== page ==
Many a time, something may go wrong, leaving you wringing your hands in desperation because you may have salted your dish too much or too little, or may have overcooked or under cooked the food. Here are a few tips that can emerge as saviours and get you through the night without breaking into a sweat!

*Add a small piece of tamarind into the frying pan when you do deep frying in already used oil, for the tamarind will absorb food smells which the oil may have retained.

*Bake two or three large potatoes and keep them aside. If you find that you have salted some dish generously, you could mash these potatoes and mix it with the dish and it will absorb the extra salt without altering the taste of the dish to a large extent.

*You could use tomato puree to balance out the flavour of the dish in terms of salt, sourness or spice.

*Add a tiny pinch of sugar when you cook salted food and a pinch of salt when you cook prepare sweet dishes as this practice will not only retain the natural food colour but will highlight the flavour too.

*Add washed and freshly-cut curry leaves and coriander to the dishes after you put off the flame to retain the smell and flavour.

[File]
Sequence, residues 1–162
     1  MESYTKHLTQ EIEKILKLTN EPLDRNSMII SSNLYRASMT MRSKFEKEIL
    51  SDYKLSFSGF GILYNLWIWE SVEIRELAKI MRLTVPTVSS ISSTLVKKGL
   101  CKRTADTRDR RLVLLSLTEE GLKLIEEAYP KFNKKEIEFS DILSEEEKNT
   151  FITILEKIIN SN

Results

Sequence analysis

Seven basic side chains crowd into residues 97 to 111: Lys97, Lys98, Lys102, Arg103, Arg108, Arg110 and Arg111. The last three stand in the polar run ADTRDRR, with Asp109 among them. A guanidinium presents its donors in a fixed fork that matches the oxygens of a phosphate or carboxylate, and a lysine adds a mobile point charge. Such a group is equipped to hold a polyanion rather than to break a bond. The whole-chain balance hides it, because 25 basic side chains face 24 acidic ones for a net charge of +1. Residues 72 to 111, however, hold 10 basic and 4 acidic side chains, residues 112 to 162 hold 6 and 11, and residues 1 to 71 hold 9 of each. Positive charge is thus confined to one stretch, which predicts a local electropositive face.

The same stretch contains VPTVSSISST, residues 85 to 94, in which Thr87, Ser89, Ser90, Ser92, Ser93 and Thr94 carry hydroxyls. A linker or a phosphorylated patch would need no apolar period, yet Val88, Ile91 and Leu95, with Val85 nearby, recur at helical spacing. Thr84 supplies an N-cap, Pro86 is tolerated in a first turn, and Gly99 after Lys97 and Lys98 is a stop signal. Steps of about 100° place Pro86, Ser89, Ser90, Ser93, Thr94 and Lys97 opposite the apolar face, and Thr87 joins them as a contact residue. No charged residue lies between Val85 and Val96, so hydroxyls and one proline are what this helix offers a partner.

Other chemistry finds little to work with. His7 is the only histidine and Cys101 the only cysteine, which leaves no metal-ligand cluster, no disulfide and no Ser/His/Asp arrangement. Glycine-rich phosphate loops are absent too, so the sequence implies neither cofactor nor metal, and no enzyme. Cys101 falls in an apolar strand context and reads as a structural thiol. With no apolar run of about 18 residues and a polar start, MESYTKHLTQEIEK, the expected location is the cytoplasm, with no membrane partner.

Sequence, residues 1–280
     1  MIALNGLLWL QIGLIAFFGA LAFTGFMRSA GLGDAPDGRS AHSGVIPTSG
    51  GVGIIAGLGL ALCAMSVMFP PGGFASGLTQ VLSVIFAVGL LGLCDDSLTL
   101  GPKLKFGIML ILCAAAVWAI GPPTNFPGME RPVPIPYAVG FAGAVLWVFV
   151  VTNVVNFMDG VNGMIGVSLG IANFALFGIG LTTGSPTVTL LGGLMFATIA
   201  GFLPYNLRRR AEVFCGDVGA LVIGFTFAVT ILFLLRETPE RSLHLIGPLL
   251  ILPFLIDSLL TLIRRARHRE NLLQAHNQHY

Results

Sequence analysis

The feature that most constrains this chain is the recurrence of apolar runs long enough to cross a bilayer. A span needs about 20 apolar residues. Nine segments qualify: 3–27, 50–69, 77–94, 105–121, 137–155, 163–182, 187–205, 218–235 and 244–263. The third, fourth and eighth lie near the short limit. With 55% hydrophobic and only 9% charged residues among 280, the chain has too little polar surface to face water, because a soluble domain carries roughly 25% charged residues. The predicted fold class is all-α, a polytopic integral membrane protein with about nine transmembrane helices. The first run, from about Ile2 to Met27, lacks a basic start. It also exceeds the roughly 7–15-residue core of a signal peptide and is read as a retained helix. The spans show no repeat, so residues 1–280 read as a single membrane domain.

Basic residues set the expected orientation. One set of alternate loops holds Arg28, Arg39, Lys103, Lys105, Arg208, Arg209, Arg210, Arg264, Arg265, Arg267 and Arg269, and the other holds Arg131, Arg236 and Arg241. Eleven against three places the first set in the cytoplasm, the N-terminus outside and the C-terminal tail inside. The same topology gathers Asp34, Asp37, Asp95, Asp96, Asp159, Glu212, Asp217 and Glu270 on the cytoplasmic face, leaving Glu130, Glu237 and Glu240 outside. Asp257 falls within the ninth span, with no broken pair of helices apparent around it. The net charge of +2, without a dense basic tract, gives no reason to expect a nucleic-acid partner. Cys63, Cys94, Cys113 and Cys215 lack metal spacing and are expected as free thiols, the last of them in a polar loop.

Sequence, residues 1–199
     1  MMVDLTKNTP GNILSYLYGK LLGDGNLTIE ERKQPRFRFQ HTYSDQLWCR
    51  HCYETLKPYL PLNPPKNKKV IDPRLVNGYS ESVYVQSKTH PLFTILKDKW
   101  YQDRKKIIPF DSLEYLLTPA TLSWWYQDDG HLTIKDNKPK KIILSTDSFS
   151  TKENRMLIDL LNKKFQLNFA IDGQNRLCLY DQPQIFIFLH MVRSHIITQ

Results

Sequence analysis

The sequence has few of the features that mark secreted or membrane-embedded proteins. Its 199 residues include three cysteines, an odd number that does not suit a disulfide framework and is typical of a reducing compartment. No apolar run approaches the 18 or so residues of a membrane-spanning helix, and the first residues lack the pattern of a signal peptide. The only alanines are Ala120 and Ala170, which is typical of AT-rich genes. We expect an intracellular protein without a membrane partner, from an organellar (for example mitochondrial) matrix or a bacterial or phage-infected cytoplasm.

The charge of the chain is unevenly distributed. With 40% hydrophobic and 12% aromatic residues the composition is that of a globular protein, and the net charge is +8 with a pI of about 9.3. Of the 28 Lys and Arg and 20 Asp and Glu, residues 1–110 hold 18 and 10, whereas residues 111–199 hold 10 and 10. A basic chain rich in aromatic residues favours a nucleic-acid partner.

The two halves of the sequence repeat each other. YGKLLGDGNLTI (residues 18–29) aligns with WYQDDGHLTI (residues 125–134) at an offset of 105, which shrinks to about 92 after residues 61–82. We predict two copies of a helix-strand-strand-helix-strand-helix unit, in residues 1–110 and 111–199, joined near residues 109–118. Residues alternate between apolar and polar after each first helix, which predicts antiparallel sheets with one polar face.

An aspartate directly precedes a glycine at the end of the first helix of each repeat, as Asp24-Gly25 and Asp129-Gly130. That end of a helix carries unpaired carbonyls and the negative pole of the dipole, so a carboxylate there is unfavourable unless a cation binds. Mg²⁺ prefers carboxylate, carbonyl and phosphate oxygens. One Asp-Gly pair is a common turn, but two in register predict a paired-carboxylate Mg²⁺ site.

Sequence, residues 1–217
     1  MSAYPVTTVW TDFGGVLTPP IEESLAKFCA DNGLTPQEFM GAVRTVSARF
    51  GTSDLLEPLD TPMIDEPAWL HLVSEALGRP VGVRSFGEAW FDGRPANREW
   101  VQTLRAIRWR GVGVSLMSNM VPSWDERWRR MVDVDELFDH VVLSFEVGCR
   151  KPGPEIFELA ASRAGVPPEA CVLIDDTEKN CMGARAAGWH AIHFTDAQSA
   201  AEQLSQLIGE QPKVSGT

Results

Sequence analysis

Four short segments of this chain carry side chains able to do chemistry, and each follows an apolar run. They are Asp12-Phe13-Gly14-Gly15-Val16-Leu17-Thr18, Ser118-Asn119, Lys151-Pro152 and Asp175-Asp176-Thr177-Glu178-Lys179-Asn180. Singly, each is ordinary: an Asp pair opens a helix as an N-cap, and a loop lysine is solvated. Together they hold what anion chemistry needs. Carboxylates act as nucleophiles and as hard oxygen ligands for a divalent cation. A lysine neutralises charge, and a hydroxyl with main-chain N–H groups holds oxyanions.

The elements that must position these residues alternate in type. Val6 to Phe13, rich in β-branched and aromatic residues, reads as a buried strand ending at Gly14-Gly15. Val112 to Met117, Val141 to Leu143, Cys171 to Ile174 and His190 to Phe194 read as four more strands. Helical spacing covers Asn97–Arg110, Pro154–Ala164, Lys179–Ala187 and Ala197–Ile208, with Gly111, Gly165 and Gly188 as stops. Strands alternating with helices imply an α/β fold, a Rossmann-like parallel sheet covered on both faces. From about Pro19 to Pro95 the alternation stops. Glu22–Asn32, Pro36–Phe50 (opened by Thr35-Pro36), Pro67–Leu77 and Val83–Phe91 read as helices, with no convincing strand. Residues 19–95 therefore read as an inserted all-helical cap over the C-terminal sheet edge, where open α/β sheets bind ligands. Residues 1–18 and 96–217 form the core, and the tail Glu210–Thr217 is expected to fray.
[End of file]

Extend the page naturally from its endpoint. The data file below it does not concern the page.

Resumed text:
*Keep a litre of boiling water ready while cooking. If you feel the gravy is getting thick or your vegetables appearing dry in the pan, add small quantities of that boiling water to help it cook in the same pace.

*If you find your gravy getting  very thin, take a tablespoon of rice, wheat or corn flour and mix it with cold water and make it into a thick, fine syrup and add it to the gravy while it is still cooking. Stir the contents till it simmers even as it thickens.

*If you have under salted your dish, you could dissolve the salt in some boiling water and add it to the dish and mix it well to help it blend.

*If you find your dish falling short of some spice, you could add it in the form of powder or paste to help it mix easily. Keep pastes of ginger, garlic; chilli and coriander ready as they mix easily with the cooked food and improve flavour.

*Do not hesitate to throw away seasoning which you may have burnt inadvertently as it could alter the taste of your dish to your disadvantage.